LOS ANGELES -- Standard & Poor's Corp. yesterday raised its ratings on $3.6 billion of California lease obligations, citing recent legislation that clarifies the state's ability to make appropriations if a budget is not in place.

The upgrade covers various California Public Works Board lease revenue bonds -- including a $375 million refunding planned this week -- and also covers numerous appropriation-backed issues for assorted University of California and state university projects.

Standard & Poor's lifted bonds with A-minus ratings to A levels, while bonds previously rated BBB-plus rose to A-minus. Bonds with a provisional rating continued to carry that notation.

California Senate Bill 42, which was signed into law July 16, helped prompt the upgrade, Standard & Poor's said in a release.

"S.B. 42 provides for continuous appropriations for state lease purchase obligations in the event a budget is not in place by the time such appropriations are required," the release said. "The statute further provides that, in the event appropriations for such obligations are omitted form any budget act, they are nevertheless appropriated."

A protracted state budget delay a year ago raised concern over the state's legal ability too make debt service payments on its lease-related obligations. The concern centered on the state's legal authority, in the absence of a budget, to appropriate lease payments.

The state averted problems last year because the attorney general's office and other counsel provided an opinion that the state controller had continuing authority to appropriate lease payments on bonds. The maneuvering let the state make a timely payment of debt service payments in cash, rather than relying on interest-bearing IOU or dipping into debt reserve funds.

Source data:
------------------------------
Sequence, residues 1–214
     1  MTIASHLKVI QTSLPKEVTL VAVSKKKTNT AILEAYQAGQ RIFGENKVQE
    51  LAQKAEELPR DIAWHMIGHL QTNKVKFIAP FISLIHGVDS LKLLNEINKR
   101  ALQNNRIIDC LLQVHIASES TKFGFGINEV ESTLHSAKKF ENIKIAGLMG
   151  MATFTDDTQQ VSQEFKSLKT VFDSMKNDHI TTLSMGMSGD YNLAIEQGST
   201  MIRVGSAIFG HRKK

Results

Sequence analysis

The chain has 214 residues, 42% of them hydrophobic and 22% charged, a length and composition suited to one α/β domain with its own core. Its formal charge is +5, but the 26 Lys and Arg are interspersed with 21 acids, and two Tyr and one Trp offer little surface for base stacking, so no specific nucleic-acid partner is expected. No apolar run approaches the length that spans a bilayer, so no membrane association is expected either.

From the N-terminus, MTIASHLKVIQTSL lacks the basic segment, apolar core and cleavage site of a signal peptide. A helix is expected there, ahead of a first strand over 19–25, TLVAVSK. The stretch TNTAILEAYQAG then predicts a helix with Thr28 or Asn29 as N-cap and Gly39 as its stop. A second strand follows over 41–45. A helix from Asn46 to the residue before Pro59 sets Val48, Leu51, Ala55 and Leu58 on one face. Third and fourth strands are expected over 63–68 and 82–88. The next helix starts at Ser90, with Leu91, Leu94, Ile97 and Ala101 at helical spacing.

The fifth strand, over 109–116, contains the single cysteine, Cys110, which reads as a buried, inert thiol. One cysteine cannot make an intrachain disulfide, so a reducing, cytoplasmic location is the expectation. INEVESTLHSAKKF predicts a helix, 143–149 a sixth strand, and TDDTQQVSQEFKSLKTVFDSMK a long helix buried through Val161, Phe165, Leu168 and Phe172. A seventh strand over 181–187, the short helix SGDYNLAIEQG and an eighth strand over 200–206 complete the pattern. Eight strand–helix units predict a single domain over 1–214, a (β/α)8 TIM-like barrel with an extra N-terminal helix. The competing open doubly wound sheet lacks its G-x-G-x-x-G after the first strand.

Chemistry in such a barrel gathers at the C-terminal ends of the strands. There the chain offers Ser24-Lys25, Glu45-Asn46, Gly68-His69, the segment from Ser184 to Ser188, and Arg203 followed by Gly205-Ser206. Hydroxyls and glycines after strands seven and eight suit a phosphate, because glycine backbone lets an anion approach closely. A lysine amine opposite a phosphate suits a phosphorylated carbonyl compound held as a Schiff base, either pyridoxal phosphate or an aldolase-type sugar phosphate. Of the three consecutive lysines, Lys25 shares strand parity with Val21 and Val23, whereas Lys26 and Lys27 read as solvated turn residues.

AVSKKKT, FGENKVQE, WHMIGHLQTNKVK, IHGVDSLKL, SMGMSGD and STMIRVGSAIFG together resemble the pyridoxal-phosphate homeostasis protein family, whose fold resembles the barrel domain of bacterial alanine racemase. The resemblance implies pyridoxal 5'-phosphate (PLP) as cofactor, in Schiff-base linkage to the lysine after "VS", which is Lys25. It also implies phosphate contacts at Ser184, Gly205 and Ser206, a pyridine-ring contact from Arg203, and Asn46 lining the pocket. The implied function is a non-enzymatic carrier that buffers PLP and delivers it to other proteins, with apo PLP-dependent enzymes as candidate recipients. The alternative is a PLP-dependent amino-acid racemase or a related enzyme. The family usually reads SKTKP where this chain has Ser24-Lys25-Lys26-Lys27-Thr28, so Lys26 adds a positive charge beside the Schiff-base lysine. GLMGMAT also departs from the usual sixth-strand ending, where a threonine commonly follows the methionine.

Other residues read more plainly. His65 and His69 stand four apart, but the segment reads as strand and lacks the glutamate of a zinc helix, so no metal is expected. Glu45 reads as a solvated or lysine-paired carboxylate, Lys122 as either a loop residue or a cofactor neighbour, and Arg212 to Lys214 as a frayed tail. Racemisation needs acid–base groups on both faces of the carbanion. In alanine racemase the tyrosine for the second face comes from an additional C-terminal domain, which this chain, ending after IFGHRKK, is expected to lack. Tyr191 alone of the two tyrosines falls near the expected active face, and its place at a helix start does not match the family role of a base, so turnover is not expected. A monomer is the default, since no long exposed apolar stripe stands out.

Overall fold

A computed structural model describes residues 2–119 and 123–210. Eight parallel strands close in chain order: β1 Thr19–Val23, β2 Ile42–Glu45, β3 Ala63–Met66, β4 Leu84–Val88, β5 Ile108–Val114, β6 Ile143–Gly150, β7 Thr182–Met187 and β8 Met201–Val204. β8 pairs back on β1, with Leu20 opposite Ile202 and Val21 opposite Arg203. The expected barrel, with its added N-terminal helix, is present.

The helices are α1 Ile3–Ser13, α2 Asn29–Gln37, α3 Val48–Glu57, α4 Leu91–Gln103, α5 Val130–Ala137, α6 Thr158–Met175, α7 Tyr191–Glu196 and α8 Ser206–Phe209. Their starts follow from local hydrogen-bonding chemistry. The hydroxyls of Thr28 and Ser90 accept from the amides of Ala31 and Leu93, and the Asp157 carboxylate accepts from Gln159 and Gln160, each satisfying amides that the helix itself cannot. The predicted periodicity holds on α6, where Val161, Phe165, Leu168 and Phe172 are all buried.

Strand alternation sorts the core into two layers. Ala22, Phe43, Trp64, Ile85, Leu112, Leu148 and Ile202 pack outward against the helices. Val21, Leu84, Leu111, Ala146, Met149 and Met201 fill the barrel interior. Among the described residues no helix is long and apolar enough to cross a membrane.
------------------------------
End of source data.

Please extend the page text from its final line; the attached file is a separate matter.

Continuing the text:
Afterward, state officials said they believed they could rely on the same authority again to make lease appropriations in the event of any future state budget stalemates.

But rating agency officials said they would take more comfort if the state passed a law providing permanent authority for the state to make rental and energy service contract payments without an enacted budget.

The new law "represents a significant improvement" over the situation that arose a year ago, when "less explicit statutes provided the state with some authority to meet those obligations at the time," Standard & Poor's said yesterday.

Earlier this year, state Treasurer Kathleen Brown provided testimony in support of S.B. 42, saying its passage could help ease market uncertainty.

In announcing the upgrade, Standard & Poor's observed that "state lease payments generally remain subject to the state's beneficial use and occupancy of the individual leased facilities. Thus, abatement for damage, destruction, or condemnation of the leased assets remains a rating factor. However, this risk is mitigated through the standard insurance and debt service reserve requirements."

In March, Moody's Investors Service also commented that it would look favorably on passage of S.B. 42.

"Passage of this legislation will be a key rating consideration in future reviews of the state's leasebacked debt," Moody's said in a rating comment on a previous issue by the state public works board.

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